Saturday, April 7, 2012

INTERVIEW WITH AUTHOR, NATHAN PENNINGTON

INTERVIEW WITH AUTHOR OF,
"RELIC OF DEATH" & "BACTERIUM"
NATHAN PENNINGTON


[image] [image]

Hello Nathan, thank you for allowing us to interview you. By reading your bio it seems your mother actually cultivated your love for reading and writing at an early age. She seemed to be an insightful woman, is "Silver for General Washington" still one of your favorite books today?

Thanks for interviewing me. That book, Silver for General Washington, did make an impression on me. I mean, how many 3 year-olds know that German solders fought with the British and were called Hessians? I did.

If I were to make a ranking of my top ten favorite books (and the ones that had the most influence on me), that book would be in there along with LOTR series, and a number of Michael Crichton books.

I think it's fantastic that you had such a wonderful relationship with your mother and she seemed to really help you form your talent. Who became some of your most favorite authors as you grew older?

Michael Crichton. I think he was the best modern story teller (may he rest in peace). The first book I read of his was Prey. I believe that was the third or fourth last book he wrote. From there I’ve read everything he’s written. He was a brilliant writer.

Do you still have any of the stories she typed up for you when you were just a child?

Unfortunately, no. Those stories were typed up on an 80386SX computer (bonus points if you know what that is). Even if they were still around, most likely they’d be incompatible with modern software. I believe the word processor was WordStar (who’s ever heard of that?). That was back when 5.25 floppy disks were big and CDROMs hadn’t been invented yet.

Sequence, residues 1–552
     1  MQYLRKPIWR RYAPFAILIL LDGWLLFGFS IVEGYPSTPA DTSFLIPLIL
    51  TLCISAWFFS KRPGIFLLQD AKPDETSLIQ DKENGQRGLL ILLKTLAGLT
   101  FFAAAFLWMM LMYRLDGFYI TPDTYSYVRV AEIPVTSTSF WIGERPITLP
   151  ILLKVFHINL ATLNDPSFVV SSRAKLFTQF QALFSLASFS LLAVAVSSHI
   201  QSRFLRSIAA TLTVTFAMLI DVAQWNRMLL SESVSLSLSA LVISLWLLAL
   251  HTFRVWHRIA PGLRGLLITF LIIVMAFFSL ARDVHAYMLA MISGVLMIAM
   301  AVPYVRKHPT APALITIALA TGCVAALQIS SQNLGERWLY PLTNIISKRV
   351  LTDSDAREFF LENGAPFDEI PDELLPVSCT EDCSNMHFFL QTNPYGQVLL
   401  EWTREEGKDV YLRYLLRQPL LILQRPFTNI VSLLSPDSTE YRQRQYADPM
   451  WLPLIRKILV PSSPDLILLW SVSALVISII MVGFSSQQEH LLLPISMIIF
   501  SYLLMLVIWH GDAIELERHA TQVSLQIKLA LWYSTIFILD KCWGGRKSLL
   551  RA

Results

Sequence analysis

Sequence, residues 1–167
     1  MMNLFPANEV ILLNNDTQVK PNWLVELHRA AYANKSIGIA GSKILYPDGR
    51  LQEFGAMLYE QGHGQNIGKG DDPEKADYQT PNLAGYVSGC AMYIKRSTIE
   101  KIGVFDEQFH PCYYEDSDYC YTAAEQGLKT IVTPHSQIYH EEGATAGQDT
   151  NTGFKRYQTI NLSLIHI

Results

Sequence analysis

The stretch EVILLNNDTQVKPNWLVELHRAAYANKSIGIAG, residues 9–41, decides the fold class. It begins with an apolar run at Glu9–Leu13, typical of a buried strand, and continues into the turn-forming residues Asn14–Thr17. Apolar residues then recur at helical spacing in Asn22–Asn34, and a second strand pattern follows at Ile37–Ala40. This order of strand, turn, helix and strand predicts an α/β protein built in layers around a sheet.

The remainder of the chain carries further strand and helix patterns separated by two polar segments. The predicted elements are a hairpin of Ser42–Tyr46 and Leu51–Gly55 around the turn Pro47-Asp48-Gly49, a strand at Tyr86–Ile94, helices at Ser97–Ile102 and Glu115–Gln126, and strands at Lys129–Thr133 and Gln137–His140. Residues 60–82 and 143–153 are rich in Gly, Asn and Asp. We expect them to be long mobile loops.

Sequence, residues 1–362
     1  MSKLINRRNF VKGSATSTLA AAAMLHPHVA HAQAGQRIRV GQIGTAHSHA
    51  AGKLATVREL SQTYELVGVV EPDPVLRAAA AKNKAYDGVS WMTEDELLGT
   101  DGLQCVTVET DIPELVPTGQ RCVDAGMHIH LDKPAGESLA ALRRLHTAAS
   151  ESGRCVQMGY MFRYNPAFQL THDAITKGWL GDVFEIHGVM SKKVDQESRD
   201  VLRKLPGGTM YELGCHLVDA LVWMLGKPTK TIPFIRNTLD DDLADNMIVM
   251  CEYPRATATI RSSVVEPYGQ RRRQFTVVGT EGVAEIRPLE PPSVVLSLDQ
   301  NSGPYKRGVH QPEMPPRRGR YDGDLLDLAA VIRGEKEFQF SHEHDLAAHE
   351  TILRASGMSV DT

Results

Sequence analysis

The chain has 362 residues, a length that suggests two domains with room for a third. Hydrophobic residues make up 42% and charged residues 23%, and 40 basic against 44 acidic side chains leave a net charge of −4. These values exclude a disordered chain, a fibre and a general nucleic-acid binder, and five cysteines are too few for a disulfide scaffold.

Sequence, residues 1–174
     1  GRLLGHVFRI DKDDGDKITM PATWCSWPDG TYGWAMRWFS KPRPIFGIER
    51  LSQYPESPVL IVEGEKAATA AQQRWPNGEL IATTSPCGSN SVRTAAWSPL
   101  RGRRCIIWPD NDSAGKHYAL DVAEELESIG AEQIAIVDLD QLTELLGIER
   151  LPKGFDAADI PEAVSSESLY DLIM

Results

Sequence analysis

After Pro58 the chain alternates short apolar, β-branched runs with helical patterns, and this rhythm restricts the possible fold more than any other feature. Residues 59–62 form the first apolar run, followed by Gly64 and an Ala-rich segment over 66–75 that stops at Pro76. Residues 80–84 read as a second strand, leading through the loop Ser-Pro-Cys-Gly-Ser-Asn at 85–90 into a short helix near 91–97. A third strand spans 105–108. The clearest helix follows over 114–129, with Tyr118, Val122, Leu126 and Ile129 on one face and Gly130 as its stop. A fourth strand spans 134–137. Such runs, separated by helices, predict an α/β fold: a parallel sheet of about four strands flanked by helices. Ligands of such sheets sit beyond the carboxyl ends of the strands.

Imagination is one of the greatest things any child or adult can have for that matter. Do you think without your mother's guidance you still would have developed such a strong one or not?

My mother absolutely had a huge impact on the development of my imagination. That said, from what she’s told me about myself when I was quite small, it seems I already had the seeds of an active imagination.

I didn’t have a lot of toys when I was little, but that didn’t stop me. From what she’s told me, I would sit in the kitchen with her and play for hours with various pots and pans, but I wasn’t playing “house” or anything like that. They became whatever I imagined them to be.

I find it amazing to know that J.R.R. Tolkien, one of the greatest writers of all time was rejected so many times before finally finding someone to take a chance on him. I have often used this bit of knowledge myself for Indie Authors that get a bad review here and there or a turn down from a publisher. Do you think this outlook has helped you a lot in the same way?

Once I finally got that outlook, yes. At first, I didn’t have it. I assumed I was brilliant, and it was crushing when everyone didn’t agree. Now, I come at it a bit differently. What I write is what I write, and it’s the best I can do at the time it’s written. What someone else thinks of it is largely irrelevant.

Being part of a small publishing house and seeing how hard it is for a lot of authors to get published do you feel that the smaller houses are the wave of the future and that eventually these bigger names will realize some of the great writers they've missed out on?